Chonde, Malawi

Location of House #1 in Malawi, Africa.
Build site - large
Pin showing location of House #1, local school is located in the village seen on the right side of the image.

The red pin is the location of house #1. The image shows the deforestation that has occured to fuel “burnt’ bricks and cooking, The green forested area in the upper left is part of a wildlife refuge.

The village is quite small.

Some facts about Malawi

Geography – Central Africa; bordering Mozambique, Zambia, Tanzania

  • High plateau; Lake Malawi (part of  East Rift Valley)
  • Climate
  • Resources
    • Lime stone
    • Agricultural land (38% arable, 19% pasture, 34% forest)
    • Hydropower
  • Government
    • Former British colony; independence in 6 July 1964
    • Republic (unitarypresidentialconstitutional); riddled with corruption
  • Economics •GDP (PPP): 25 billion; 1300/per capita
Hand plowed fields for corn
The major crop for families is growing corn
Fields are most always worked by hand
Corn drying in the sun

Key facts & figures

  • Population: 18.57 million; 128/km2 (333/sq mile) •Ethnic groups:  3 major (Chewa, Lomwe) and many minor
  • Language: ChiChewa and ChiTonga; English •Life expectancy: 61.2 years (78.69 years)
  • Median age: 16.6 years (USA: 38.1 years)
  • Urbanization: 16.3% live in cities (USA: 82%)
  • Unemployment rate: 7.5%
  • Population living below poverty line: 52.4%
  • Median annual income: $150 (USA: $61,372), about 41 cents a day.

Symbols of Social Stratification. Shoes are expensive and often the local people are barefoot even in the cities.
Read more:

Housing in Malawi

A severe lack of homes

  • Approximately 21,000 new units are needed every year for the next 10 years to meet housing demand – this far exceeds supply.
  • In the urban areas, many people live in slums characterized by poor water and sanitation facilities, no electricity and poor road networks. There are very few institutions dedicated to eliminating poverty housing in Malawi.

78% of families in Malawi live in substandard housing characterized by mud walls and grass thatch houses (Population and Housing census, 2008)

Mud bricks – dissolve when the rain comes. .

Habitat for Humanity in Malawi

Since 2008 Habitat for Humanity Malawi with funds from the Gates Foundation has supported 681 Individual Orphans and Vulnerable Children (OVC’s) with improved shelter, homeowner training on HIV prevention, malaria prevention, and property rights & will writing in the Mulanje and Salima districts of Malawi

Cost estimates

Three room house and VIP latrine for six (on average) OVC household members •Total cost: US $6,500 (includes 15% administration fee)

Cost break down •Construction materials: $5,000 •Transportation: $500 •Mosquito nets: $10 •HIV prevention training $20 •Water and sanitation training: $10 •Wills and inheritance training: $60 •Labor: $900

Habitat for Humanity- Malawi Target Groups

  • Low income households living on less than $1.00 a day •Orphan and Vulnerable Group Households i.e.:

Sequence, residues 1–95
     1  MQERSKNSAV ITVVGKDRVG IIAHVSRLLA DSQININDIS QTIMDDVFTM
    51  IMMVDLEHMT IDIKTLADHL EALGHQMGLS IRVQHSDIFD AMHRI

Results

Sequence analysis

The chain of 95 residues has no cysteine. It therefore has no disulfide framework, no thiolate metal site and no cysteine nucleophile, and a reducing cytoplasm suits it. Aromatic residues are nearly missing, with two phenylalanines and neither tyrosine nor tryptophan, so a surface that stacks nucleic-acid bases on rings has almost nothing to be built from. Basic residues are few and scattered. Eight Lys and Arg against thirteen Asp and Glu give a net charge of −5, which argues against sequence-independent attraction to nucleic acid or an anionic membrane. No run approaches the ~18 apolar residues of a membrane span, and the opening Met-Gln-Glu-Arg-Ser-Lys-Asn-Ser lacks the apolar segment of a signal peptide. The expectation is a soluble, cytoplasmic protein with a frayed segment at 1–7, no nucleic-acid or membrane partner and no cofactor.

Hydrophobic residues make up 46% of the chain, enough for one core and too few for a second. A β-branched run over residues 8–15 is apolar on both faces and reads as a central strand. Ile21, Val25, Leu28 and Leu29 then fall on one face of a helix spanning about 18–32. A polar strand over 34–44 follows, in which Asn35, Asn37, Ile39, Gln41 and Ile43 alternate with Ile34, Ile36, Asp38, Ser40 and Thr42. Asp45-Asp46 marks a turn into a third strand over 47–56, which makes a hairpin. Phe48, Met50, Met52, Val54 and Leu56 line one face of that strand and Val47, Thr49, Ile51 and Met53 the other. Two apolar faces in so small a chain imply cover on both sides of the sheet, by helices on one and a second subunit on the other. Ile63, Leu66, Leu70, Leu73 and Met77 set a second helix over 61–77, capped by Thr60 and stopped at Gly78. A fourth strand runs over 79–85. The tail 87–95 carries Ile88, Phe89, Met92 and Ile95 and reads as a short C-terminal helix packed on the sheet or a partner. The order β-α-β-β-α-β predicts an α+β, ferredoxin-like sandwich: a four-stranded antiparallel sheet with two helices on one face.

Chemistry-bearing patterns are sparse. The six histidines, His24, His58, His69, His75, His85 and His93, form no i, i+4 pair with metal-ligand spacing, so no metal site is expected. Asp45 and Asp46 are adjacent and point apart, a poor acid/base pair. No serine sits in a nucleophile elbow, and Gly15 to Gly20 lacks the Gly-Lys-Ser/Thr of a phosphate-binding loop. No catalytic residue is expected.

• Children who have lost one or both parents
  • Households headed by a child or grandparent
  • Households who are homeless or living in poverty housing
  • Households vulnerable to property grabbing
  • Households with poor access to health, property & psychosocial care

The receiving families



5 children

2-10 years



4 children

4-10 years


3 children still living at home (unmarried)

1 grandchild

Home build – Local masons

Home build – Home owners

Home build – Extended family

Home build – Volunteers

Home build – Training

  • Juneau: 150 children; 4 teachers; $5000 per child per year
  • Salima: 1000 children; 8 teachers; $1000 “grant” per year for the entire school (most years)

Orphans and vulnerable families

  • The “orphans and vulnerable groups” program started in 2009 and to date, HFHM has constructed 200 houses for the vulnerable families in six communities.
  • The services include:
    • Improved housing: HFHM construct two, three or four-room houses for vulnerable families. In addition, each family is provided with a ventilated improved pit-latrine to improve sanitation and hygiene.
    • Malaria prevention training: HFHM provides three insecticide-treated mosquito nets per family. Families are also trained on good sanitation and hygiene practices to prevent diseases, including malaria.
    • HIV prevention training: The training is aimed at preventing new infections arising from sexual exploitation, especially of the girls and caregivers.
    • Vocational skills training: It is provided to older OVC, especially those who dropped out from school. The package includes provision of tools and equipment like carpentry or sewing machines.
    • Property and inheritance rights training: It aims to protect the OVC from property grabbing. The training is offered to OVC caregivers and gate keepers.


Home building process

Our daily schedule was laid out like this: (of course this was on Africa time…)

  • Breakfast at 6:30 pm
  • Leave for worksite at 7:30 am
  • Break at 10:00 am
  • Lunch at 12:00 pm
  • Break at 3:00 pm
  • Leave for guesthouse at 4:30 pm
  • Dinner at 7:00 pm
  • Evenings free

Workday Program

  • Mixing motor (matrope)
  • Carrying water (madzi)
  • Passing bricks (Inyerrowa)
  • Laying bricks
  • cleaning the area
  • Passing mortar
  • sorting bricks
  • tuck pointing bricks
  • Hauling soil for backfill
Setting the foundation
Setting the foundation

The manual brick making process.

Why not use the “Burnt” bricks?

insert link to article about burnt bricks.

Resource center

Education issues

Q & A session